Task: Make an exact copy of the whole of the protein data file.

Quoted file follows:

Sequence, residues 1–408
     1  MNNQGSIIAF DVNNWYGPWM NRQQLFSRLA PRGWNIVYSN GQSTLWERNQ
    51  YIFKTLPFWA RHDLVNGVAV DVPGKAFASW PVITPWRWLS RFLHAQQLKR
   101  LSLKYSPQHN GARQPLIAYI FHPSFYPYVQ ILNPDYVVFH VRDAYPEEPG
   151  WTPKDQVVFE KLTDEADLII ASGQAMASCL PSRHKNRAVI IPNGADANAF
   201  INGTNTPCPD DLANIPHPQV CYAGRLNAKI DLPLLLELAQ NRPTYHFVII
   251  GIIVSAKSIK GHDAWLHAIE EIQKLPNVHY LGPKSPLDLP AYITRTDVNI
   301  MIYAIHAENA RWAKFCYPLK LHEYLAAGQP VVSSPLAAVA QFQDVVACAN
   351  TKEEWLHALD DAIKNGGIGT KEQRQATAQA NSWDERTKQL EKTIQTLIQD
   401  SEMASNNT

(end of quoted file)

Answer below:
Sequence, residues 1–408
     1  MNNQGSIIAF DVNNWYGPWM NRQQLFSRLA PRGWNIVYSN GQSTLWERNQ
    51  YIFKTLPFWA RHDLVNGVAV DVPGKAFASW PVITPWRWLS RFLHAQQLKR
   101  LSLKYSPQHN GARQPLIAYI FHPSFYPYVQ ILNPDYVVFH VRDAYPEEPG
   151  WTPKDQVVFE KLTDEADLII ASGQAMASCL PSRHKNRAVI IPNGADANAF
   201  INGTNTPCPD DLANIPHPQV CYAGRLNAKI DLPLLLELAQ NRPTYHFVII
   251  GIIVSAKSIK GHDAWLHAIE EIQKLPNVHY LGPKSPLDLP AYITRTDVNI
   301  MIYAIHAENA RWAKFCYPLK LHEYLAAGQP VVSSPLAAVA QFQDVVACAN
   351  TKEEWLHALD DAIKNGGIGT KEQRQATAQA NSWDERTKQL EKTIQTLIQD
   401  SEMASNNT